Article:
Relevancy is the next most important factor. Division Ia has more relevancy that IIa. BCS has more relevancy than non BCS in football.

Student enrollment is a major factor.

Pro sports matters as well, but OSU is equally close to pro sports as UConn so I'm not sure the proximity to pro sports is nearly as important for UConn as the other things I've listed regarding football attendance.
 
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40 years ago, African-Americans were also just getting the right to vote. Not that you feel that way, I just hate when people talk about the "good old days".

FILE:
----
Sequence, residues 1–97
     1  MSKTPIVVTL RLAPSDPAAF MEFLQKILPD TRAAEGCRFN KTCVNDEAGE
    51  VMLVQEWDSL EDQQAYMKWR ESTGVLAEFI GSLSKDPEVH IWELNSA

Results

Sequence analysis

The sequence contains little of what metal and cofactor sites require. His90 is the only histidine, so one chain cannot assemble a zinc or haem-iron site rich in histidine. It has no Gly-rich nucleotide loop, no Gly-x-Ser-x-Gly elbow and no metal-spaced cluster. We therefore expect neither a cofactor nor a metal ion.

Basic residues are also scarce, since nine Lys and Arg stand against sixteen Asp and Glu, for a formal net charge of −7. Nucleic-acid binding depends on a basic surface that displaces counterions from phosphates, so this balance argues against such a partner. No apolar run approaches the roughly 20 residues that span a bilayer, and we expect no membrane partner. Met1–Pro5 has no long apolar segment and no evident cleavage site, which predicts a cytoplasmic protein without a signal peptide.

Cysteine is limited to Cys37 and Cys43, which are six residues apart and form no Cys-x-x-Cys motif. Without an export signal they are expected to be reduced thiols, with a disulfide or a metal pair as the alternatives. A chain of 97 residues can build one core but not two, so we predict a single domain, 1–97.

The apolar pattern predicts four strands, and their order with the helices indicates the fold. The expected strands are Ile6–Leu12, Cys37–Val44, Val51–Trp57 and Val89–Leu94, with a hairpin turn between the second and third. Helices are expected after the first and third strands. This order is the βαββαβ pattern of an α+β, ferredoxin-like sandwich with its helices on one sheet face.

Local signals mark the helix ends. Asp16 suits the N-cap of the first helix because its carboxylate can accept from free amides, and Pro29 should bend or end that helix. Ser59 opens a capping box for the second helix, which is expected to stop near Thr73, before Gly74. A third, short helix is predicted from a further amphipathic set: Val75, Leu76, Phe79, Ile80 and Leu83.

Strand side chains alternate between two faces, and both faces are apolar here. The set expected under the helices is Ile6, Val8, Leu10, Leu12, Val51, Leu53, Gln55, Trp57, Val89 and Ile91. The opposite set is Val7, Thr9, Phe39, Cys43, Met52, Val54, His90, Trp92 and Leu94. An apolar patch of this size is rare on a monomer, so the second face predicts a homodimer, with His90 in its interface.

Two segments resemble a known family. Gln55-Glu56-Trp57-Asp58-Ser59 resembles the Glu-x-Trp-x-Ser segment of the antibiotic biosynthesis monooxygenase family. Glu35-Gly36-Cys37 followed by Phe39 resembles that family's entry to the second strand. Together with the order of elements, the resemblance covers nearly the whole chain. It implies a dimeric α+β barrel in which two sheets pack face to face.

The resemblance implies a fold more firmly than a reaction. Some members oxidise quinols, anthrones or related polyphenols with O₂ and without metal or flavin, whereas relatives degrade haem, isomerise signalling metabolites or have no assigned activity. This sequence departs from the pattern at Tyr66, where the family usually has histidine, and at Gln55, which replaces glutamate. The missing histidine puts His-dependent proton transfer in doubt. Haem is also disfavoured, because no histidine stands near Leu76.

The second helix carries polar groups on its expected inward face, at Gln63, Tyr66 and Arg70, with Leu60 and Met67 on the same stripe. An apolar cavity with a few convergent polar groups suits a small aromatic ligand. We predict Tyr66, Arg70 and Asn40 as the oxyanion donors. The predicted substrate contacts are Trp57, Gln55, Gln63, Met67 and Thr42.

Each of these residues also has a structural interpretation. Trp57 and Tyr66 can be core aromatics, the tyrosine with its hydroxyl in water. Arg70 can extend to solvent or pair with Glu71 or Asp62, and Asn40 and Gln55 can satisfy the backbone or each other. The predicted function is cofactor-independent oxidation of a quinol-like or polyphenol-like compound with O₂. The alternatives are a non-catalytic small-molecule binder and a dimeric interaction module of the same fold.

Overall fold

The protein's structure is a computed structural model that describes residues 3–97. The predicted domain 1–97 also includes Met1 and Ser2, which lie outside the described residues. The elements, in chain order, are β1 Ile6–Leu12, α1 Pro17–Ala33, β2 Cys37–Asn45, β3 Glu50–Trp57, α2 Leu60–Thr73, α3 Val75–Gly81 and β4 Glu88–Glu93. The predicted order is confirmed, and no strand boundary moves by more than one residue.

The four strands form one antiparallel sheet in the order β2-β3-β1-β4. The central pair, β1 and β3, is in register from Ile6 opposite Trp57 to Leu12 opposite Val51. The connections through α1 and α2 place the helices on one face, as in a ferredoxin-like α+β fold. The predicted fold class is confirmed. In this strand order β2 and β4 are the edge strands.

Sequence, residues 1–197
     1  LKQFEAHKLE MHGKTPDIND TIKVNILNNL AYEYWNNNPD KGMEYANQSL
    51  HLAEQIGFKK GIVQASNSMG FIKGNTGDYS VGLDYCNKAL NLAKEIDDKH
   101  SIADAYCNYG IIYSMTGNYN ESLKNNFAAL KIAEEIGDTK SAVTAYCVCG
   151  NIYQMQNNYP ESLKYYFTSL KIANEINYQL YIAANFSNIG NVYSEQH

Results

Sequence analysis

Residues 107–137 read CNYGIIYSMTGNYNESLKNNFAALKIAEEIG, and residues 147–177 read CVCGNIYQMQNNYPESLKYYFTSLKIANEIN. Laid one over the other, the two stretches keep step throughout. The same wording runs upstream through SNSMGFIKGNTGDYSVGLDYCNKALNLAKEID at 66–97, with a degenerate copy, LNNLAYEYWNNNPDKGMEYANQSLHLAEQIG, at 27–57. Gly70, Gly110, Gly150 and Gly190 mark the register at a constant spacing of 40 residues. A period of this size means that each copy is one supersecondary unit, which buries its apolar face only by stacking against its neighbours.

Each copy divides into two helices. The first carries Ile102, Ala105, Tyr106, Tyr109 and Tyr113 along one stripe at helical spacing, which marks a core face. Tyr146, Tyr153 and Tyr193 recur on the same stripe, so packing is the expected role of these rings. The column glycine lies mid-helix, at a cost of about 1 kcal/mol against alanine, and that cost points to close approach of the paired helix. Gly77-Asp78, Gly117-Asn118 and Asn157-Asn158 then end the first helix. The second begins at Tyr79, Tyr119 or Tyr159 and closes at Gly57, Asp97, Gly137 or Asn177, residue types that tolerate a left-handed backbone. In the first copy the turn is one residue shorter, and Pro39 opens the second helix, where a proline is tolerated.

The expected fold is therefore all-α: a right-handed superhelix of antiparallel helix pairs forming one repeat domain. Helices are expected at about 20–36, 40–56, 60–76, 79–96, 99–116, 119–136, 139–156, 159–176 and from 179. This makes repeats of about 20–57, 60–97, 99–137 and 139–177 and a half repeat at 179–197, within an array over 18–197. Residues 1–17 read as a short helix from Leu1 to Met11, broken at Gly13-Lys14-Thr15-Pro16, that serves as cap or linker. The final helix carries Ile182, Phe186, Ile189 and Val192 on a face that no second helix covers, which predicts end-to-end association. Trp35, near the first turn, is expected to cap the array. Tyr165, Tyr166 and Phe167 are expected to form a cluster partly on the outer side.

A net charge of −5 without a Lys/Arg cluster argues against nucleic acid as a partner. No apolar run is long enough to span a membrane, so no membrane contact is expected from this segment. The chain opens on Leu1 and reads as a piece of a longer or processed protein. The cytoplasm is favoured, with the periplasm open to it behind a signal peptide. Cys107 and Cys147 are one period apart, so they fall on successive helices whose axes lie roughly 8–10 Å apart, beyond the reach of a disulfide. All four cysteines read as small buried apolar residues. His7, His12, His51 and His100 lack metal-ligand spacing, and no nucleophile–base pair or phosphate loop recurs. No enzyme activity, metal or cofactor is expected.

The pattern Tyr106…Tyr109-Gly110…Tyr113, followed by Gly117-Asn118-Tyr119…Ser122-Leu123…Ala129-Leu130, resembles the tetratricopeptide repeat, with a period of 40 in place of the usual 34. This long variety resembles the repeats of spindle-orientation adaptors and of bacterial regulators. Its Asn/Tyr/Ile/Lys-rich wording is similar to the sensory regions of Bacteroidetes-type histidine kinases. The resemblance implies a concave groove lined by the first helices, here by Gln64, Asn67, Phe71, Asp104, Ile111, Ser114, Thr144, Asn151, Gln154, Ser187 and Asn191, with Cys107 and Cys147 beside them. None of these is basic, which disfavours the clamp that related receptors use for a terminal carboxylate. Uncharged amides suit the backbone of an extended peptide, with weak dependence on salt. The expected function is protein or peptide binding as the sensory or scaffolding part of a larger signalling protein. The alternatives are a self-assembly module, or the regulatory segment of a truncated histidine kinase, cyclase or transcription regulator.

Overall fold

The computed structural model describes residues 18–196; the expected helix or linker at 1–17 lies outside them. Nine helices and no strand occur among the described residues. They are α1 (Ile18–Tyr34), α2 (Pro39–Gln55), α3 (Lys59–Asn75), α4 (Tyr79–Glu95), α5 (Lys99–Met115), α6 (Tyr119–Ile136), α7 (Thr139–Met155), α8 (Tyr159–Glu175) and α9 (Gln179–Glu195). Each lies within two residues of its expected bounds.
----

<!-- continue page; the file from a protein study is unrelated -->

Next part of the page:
You mean the Cold War and overt racism? Those? But at least bread was a nickel!:rolleyes:

I agree. I mean, I'm 25, I wasn't pining for the old days. Just pointing out that I think the fact that the Yale Bowl used to fill up has nothing to do with UConn attendance today.